But it hasn’t always been that way. Though Brichford set out to offer a better product with his dairy, he says he was never rewarded for selling grass-fed only milk, and he was killing himself in the process. His dairy operation had expanded, but lack of dependable help led to long hours, and his days off were few and far between.
“It’s work, building everything you do, designing a cheese plant, making the cheese, and marketing the cheese is a whole other career, but I’ve always been a big cheese fan.” —Matthew Brichford
“I’ve always been seasonal, which means we start milking in March and quit in December,” Brichford says, “and we would milk twice a day. I got up to 240 head, and we ran into labor problems. I have a good parlor and we can milk a lot of cows through it — if you have good help — but it’s difficult to find dairy help around here. Trying to find any farm help is a real challenge.
“I can milk 16 at a time,” Brichford continues, “so we were milking 240 a day, twice a day and I was doing most of the milking myself and farming. … “I was just working too many hours. That last year I hired 19 people, and none of them lasted more than three days until the last two, and they were only part-timers. They came out and did my evening milking, and that probably kept me from falling over dead that year. So I sold down to 50 cows and kept shipping to the co-op and started building the creamery.”
That was in 2007, and for the next four years, Brichford researched the fine art of making cheese while planning and building his cheese plant. From the beginning, he set out to do it right, taking classes on cheese making and working with the Indiana Board of Health to build a clean facility in which to craft his farmstead, artisan cheeses, all while continuing to manage his smaller dairy.
“We have a real clean plant,” says Brichford of his creamery, which opened in 2012. Cleanliness is of upmost importance for any creamery, but he is especially careful as he makes all of his cheese from raw, unpasteurized milk. Indiana allows the sale of cheese made from raw milk provided the product is aged under the right conditions for at least 60 days before it’s sold to the public. Waiting for 60 days allows any lethal pathogens to develop and be discovered through testing, which Brichford does regularly in his on-site laboratory.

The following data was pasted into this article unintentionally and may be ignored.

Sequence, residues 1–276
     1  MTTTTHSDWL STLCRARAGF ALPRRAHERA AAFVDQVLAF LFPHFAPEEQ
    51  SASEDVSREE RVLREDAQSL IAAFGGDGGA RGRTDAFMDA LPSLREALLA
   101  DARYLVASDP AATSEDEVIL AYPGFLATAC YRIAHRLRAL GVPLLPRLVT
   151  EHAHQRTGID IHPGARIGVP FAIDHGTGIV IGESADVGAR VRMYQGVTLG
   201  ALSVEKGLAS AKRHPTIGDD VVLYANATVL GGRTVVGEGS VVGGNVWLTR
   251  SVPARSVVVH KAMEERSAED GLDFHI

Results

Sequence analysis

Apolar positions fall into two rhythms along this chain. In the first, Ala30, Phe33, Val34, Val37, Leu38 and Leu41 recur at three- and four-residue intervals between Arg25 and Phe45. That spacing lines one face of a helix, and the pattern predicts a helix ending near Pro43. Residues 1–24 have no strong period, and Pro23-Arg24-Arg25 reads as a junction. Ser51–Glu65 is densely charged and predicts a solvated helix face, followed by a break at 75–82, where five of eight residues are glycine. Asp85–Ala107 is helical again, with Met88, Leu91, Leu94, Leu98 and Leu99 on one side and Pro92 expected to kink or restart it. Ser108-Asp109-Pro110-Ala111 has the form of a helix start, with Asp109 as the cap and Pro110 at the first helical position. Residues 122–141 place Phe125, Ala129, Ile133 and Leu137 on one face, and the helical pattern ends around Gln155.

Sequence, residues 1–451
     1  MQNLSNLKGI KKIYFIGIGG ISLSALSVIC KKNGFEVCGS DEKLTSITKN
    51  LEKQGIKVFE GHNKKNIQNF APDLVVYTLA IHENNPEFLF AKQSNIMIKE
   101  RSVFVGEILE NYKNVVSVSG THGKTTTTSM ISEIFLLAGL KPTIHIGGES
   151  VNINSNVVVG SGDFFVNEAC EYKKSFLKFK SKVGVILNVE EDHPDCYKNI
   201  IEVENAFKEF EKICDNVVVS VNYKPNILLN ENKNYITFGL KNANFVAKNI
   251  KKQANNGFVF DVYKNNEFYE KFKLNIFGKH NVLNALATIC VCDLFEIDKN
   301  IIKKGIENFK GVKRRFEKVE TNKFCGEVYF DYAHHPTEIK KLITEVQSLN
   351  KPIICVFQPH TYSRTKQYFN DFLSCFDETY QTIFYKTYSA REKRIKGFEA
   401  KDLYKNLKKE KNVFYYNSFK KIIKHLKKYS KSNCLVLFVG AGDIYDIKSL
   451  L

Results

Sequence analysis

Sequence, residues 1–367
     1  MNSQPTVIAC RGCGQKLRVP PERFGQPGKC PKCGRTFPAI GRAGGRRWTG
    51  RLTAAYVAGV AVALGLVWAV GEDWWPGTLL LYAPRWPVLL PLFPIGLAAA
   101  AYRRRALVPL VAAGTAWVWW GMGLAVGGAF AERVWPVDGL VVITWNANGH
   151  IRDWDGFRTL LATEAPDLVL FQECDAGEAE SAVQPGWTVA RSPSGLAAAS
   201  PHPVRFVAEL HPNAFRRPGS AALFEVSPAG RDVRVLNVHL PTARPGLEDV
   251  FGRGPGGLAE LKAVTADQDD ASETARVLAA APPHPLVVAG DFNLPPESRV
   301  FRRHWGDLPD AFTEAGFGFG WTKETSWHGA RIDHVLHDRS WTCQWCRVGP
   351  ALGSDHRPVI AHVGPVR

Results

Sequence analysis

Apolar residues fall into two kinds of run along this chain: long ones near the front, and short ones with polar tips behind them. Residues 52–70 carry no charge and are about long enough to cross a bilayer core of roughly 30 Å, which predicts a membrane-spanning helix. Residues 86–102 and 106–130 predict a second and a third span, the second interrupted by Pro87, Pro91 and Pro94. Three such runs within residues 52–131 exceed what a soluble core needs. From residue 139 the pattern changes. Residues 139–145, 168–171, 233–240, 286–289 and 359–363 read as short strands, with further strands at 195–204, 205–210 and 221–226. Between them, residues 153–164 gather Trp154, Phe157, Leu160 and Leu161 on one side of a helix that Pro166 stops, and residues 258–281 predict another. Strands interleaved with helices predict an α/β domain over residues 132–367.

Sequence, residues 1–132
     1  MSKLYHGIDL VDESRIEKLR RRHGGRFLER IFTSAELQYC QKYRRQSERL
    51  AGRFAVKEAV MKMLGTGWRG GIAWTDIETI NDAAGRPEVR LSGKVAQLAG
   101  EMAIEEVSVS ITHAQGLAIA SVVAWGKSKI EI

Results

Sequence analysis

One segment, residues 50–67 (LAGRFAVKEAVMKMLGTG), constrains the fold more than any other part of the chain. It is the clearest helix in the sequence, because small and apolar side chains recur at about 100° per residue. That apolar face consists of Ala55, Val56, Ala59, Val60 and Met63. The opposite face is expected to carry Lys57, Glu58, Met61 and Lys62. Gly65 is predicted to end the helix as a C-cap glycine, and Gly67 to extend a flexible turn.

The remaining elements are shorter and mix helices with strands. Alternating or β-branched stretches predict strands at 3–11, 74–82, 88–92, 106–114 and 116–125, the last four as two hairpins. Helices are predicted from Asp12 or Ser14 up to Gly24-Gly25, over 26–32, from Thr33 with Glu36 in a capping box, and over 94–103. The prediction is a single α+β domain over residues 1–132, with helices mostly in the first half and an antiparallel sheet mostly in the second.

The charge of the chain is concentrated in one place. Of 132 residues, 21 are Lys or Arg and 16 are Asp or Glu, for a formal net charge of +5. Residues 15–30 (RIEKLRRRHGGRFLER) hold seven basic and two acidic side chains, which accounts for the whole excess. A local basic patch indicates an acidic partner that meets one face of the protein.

“You can kill people and make them sick for the rest of their lives with that stuff,” says Brichford of food-borne pathogens such as listeria, “so you have to be very careful.”
His cheeses are classified as both artisan and farmstead because they are not only made in an open vat by hand — earning the artisan label — but also are made from milk produced by his cows on his land, earning the farmstead designation as well.
Jacobs and Brichford Farmstead Cheese offers three cheeses, Ameribella, Everton and Briana, a semi-firm, smear-ripened cheese. Brichford is currently developing a fourth, which should be available this August. Adair, a creamy, semi-soft French variety with a Scottish family name, is his newest creation.
Brichford sells his cheeses online through the creamery’s website, jandbcheese.com, and through distributors and retail locations around the country. Leslie and daughter Maize help to market their cheeses, while daughter Miah now manages the daily milking. A third daughter, Eliza, is entering a Ph.D. program in psychology and neuroscience at the University of Illinois.
“It’s work, building everything you do, designing a cheese plant, making the cheese, and marketing the cheese is a whole other career,” Brichford says. “But I’ve always been a big cheese fan.”